Cape Hatteras Lighthouse

It is a long walk up the steep stairs to the top of the Cape Hatteras Lighthouse, which is the tallest lighthouse, from ground to roof, in the United States. See more light house pictures.
It is a long walk up the steep stairs to the top of the Cape Hatteras Lighthouse, which is the tallest lighthouse, from ground to roof, in the United States. See more light house pictures.
2007 Publications International, Ltd.

In the National Archives, there is a pen and ink sketch made by Brigadier General George Nicholson on November 9, 1870, of the Cape Hatteras Lighthouse in North Carolina as it existed in that year.

The sketch shows the Cape Hatteras Lighthouse pretty much as we see it today, a towering octagonal structure rising massively above the beach and surrounding sand hills. The simple drawing evokes much of the beauty and power of this fabled tower.


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The Cape Hatteras Light has now existed, in one form or another, for nearly two centuries and is probably the most famous lighthouse in the United States. It is both a visual icon and a moving symbol of humanity's eternal battle with the fury of the sea.

Several factors have contributed to the importance of the Cape Hatteras Lighthouse over time, all of them related to its unique geographic location. First, the Cape Hatteras region -- a 300-mile-long array of barrier islands called the Outer Banks -- juts far out to sea, putting its fragile lowlands, quite literally, in the middle of the Atlantic Ocean.

Second, the eastern continental shelf, a natural protective barrier, is shorter along the Outer Banks than along the Georgia and Florida coasts. Third, a steady stream of tropically born hurricanes annually tracks north on a collision course with the Outer Banks.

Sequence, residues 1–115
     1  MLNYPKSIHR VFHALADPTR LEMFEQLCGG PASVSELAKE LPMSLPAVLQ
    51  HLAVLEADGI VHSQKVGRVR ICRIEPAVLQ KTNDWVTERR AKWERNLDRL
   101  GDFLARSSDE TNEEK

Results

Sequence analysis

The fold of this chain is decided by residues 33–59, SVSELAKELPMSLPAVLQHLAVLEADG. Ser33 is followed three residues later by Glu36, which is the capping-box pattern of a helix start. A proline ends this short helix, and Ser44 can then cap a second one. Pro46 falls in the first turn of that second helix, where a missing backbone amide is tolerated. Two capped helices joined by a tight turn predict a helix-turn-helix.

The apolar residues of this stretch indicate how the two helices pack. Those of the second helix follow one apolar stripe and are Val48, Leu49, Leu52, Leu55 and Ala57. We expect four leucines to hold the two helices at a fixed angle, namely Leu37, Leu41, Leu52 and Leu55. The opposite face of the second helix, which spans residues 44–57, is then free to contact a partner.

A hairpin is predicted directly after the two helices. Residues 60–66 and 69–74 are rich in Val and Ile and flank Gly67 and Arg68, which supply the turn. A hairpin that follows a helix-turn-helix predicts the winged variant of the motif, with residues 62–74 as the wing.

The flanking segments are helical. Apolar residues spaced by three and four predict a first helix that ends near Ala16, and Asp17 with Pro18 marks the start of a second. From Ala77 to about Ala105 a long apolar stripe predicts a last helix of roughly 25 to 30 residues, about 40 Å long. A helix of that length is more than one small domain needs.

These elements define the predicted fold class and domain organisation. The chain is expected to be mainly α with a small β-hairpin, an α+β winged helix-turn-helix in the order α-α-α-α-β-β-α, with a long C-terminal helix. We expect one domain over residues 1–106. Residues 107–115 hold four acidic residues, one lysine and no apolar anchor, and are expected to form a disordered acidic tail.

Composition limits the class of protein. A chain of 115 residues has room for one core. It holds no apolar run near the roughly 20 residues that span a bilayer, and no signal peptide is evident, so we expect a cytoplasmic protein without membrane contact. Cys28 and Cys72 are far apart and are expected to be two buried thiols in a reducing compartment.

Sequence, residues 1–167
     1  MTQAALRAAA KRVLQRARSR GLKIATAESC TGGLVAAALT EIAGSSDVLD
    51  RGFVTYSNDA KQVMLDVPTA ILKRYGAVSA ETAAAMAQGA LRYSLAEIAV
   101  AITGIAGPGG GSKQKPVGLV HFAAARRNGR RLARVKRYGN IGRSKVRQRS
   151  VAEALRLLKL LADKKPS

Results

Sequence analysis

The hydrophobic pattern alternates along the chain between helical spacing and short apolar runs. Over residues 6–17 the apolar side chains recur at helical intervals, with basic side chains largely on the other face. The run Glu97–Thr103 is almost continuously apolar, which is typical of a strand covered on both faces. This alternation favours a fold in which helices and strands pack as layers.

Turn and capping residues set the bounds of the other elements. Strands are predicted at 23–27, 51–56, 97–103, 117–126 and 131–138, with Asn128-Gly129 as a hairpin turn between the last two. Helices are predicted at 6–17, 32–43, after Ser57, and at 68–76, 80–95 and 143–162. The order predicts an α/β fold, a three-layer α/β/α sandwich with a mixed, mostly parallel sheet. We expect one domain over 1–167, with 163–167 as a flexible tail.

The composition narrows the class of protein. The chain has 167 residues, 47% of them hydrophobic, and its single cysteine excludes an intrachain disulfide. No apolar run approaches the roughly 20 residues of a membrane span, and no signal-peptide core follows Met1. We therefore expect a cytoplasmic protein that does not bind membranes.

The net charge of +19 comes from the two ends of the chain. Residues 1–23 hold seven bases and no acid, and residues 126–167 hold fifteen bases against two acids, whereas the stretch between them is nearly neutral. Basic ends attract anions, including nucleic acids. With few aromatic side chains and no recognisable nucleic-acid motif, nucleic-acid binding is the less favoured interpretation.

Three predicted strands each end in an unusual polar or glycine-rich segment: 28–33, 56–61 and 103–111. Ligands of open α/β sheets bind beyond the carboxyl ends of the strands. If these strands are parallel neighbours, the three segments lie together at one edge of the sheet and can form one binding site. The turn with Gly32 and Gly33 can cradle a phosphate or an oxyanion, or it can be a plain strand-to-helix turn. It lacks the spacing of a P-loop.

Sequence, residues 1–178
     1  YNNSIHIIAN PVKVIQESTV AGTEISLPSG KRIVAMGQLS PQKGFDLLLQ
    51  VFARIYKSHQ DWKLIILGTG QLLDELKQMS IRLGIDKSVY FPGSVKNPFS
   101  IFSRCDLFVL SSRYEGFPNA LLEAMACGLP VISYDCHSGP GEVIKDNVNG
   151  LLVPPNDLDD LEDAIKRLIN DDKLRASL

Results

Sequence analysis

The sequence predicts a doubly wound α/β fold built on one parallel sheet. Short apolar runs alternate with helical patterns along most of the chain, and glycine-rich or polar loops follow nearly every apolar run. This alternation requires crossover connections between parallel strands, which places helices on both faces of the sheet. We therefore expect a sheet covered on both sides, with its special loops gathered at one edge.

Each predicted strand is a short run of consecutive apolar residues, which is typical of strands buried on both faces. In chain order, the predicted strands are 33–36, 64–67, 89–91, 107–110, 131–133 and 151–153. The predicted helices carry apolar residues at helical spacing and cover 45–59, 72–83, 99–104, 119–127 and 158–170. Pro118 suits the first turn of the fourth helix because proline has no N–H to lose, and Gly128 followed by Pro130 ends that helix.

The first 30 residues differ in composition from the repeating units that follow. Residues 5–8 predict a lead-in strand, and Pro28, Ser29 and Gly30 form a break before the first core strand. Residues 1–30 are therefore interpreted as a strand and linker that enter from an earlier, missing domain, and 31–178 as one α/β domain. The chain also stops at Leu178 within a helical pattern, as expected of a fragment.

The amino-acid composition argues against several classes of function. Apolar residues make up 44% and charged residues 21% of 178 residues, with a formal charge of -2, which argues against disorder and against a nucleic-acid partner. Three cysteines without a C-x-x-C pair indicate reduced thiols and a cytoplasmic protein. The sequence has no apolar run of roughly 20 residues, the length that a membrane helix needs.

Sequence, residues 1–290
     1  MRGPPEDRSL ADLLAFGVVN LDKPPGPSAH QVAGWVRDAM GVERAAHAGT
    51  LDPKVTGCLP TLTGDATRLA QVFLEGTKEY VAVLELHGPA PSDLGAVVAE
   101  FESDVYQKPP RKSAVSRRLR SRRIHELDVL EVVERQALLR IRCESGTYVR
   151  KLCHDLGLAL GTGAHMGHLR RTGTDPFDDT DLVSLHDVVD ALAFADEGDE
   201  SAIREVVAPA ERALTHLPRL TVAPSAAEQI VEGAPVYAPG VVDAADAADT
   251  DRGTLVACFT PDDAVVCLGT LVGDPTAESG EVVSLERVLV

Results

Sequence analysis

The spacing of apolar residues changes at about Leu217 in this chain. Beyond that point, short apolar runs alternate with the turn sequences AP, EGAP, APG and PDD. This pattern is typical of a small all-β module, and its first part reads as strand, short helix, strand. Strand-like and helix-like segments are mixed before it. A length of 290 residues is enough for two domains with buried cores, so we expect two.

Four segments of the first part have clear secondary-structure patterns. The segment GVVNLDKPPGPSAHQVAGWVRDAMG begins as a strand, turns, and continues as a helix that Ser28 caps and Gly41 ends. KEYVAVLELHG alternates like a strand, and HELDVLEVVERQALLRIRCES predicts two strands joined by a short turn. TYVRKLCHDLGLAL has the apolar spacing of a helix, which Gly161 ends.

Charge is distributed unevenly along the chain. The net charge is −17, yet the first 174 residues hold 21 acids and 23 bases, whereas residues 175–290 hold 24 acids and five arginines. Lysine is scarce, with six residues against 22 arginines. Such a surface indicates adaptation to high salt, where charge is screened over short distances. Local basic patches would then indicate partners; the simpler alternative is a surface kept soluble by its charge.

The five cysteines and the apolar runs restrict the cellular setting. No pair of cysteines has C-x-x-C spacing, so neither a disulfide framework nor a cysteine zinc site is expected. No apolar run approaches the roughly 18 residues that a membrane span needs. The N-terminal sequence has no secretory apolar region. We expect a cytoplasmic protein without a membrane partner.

Fourth, just offshore from Cape Hatteras, the warm waters of the Gulf Stream meet up with the cold waters of the Labrador Current, creating a deadly mix that can quickly produce sudden squalls and violent storms.

The combined effect of all these factors has caused mariners for centuries to call the seas and shoals around Cape Hatteras the "Graveyard of the Atlantic." Records show that more than 2,000 ships, both large and small, have sunk in the area since Colonial times, many in the dreaded Diamond Shoals, an enormous underwater sand bank projecting more than 12 miles eastward from the cape.

Although Congress authorized the Cape Hatteras Lighthouse in 1794, political infighting dragged the construction process on for years. It was not until 1803, during the administration of Thomas Jefferson, that the first 95-foot stone tower was raised.

Unfortunately, it was not tall enough to cast a light beyond the treacherous Diamond Shoals. When the Cape Hatteras Lighthouse was formally inspected by the U.S. Lighthouse Board in 1851, it was described as being "the worst light in the world."

After the Civil War, the federal government recognized the necessity of raising a new, modern light at Cape Hatteras Point. A 193-foot lighthouse was built on a solid eight-sided foundation with deep iron and timber pilings set into the sand and clay.

It was completed in 1870, just as national and international seaborne commerce was beginning to return to the war-torn ports of the Old South. Although it has weathered more than 100 hurricanes in its 130-year history, the Cape Hatteras Light, which once stood more than 400 yards from the breaker line, was, until recently, at the ocean's edge, a result of steady beach erosion.

Both the North Carolina state government and the federal government worked to preserve America's most beloved lighthouse, and on July 9, 1999, it was moved back from the eroding beach at a cost of $10 million. Given the importance of this light, their success seems assured.

Part of the fun and adventure of viewing the Cape Hatteras Lighthouse resides in the journey to get there. A trip to the light begins on the mainland, near the small sunburned-tourist community of Manteo on Roanoke Island. Visitors drive across the causeway to just below Nags Head, where the road turns south along the windswept landscape of the Outer Banks, the sea on one side of the asphalt road, the grassy sand dunes on the other.

A journey of some 50 miles, every inch of which is like something from a Winslow Homer painting, ends at Cape Hatteras, with its giant spiral-striped lighthouse looking resolutely over the sea.

On a clear day, sightseers with binoculars can spot the Diamond Shoals Lighthouse, which sits like an offshore drilling platform directly over the perilous Diamond Shoals. Visitors to the Cape Hatteras Lighthouse will also find a delightful visitor center and a museum of Outer Banks maritime history in the old lighthouse keeper's residence near the light.


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